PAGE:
North Korean capital Pyongyang on lockdown as COVID spreads through the city

Confirmed cases of the disease prompted authorities to restrict access to Pyongyang until Jan. 31, sources say.
By Hyemin Son for RFA Korean
North Korean capital Pyongyang on lockdown as COVID spreads through the city A worker in protective gear stands watch during a previous COVID-19 lockdown in Pyongyang, North Korea, May 17, 2022. Credit: AFP/KCNA via KNS

North Korean authorities have locked down the capital city of Pyongyang due to ‘rising’ cases of an unspecified respiratory illness according to media reports citing a central government notice, and sources confirmed to Radio Free Asia that multiple people in the city have tested positive for COVID-19.

News of the lockdown began to surface on Wednesday morning with Seoul-based NK News and the Russian embassy in Pyongyang reporting that according to the notice, residents would not be allowed to leave their homes for five days.

A source in the northwestern province of North Pyongan, who regularly communicates with residents of the capital, told RFA’s Korean Service on Wednesday that the virus is definitely COVID-19, several cases have been confirmed, and the lockdown also limits access to the city until Jan. 31.

“There have been confirmed cases of COVID-19 in Pyongyang,” he said. “An acquaintance in Pyongyang told me that the reason that the Central Quarantine Command imposed a lockdown in Pyongyang was an emergency measure for an epidemic.

Another source, an official from a trading agency in Pyongyang who was visiting the northwestern border city of Sinuiju, said that the lockdown started on Wednesday and will last until Jan. 31 due to “confirmed cases of COVID-19,” meaning people have tested positive for the virus even though authorities are not acknowledging it.

“I will not be able to return to Pyongyang for a while,” he said on condition of anonymity to speak freely.

“In early January there was a confirmed case on Tongil Street in Pyongyang’s Rakrang district, where all the distribution warehouses of all the trading companies are concentrated.” he said. “My co-worker has also been confirmed [positive] with COVID-19.”

RFA was not able to independently verify either claim. Since the beginning of the pandemic, North Korea has been very secretive about the coronavirus situation, even telling the rest of the world that it was completely virus free for the first two years of the pandemic.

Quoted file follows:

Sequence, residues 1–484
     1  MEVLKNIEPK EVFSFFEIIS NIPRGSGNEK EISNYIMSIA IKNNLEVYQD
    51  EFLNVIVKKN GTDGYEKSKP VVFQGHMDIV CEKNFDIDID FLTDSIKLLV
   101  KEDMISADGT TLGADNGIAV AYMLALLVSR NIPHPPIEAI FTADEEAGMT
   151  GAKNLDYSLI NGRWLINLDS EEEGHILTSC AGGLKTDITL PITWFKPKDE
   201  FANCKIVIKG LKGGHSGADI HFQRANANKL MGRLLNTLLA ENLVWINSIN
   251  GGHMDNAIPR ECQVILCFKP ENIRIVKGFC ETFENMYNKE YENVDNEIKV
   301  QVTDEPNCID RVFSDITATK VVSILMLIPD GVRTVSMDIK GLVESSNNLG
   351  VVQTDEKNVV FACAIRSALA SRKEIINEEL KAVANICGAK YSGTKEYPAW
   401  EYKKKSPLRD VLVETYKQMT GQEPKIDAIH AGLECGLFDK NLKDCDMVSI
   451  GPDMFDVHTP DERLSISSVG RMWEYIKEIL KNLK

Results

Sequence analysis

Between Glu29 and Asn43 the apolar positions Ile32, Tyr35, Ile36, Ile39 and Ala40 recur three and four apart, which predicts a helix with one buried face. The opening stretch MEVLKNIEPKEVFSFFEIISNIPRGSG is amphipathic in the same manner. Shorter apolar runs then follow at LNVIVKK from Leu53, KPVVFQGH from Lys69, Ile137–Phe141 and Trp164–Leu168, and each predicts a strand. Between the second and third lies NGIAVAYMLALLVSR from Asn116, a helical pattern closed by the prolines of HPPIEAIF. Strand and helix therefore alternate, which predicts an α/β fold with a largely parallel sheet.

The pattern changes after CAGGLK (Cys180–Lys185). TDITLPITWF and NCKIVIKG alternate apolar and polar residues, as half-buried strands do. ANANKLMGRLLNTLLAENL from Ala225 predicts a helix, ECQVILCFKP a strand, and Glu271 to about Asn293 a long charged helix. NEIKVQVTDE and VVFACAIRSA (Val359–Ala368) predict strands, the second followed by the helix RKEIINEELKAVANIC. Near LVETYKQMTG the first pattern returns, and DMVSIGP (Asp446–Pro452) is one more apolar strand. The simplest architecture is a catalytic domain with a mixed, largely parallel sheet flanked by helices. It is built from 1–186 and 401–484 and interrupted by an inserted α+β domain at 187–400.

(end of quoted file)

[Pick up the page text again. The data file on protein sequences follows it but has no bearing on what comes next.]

The government acknowledged the virus in May 2022, but kept track of cases of “fever” that totaled close to 5 million, and did not report confirmed case totals to international health organizations.

The apparent outbreak comes a few weeks after North Korea opened up its border to China after a long closure due to the pandemic, allowing goods to be traded across the border.

“We don’t know exactly how many confirmed cases of COVID-19 have been confirmed in Pyongyang,” the second source said. “The quarantine authorities have blocked the operation of public service facilities such as restaurants and public baths in downtown Pyongyang. Considering this measure, the spread of the COVID-19 must be serious.”

It wasn’t entirely clear what restrictions the lockdown entailed, but the source said it extended to marketplaces and businesses in each district of Pyongyang unless they are run by state organizations.

The second source said the authorities had been reporting that “acute respiratory diseases and the flu” have been spreading in the capital, so they intensified disinfection efforts and there were talks of lockdown in the works.

“It was only after the Lunar New Year [on Jan. 22] that they decided to go ahead and lock it down and restrict all access to the city,” he said.

Although the quarantine authorities do not publicly announce the number of confirmed COVID-19 cases in Pyongyang, the people diagnosed with the “respiratory disease” are isolated in a hospital outside the city and treated with drugs, such as antibiotics imported from China, according to the second source.

COVID-19 is a virus, and antibiotics, which are used to treat bacterial illnesses, have no effect on it.

According to the NK News report, residents were ordered to stay in their homes until Jan. 29 and check and report their temperature several times per day.

Translated by Claire Shinyoung Oh Lee and Leejin J. Chung. Written in English by Eugene Whong and edited by Malcolm Foster.


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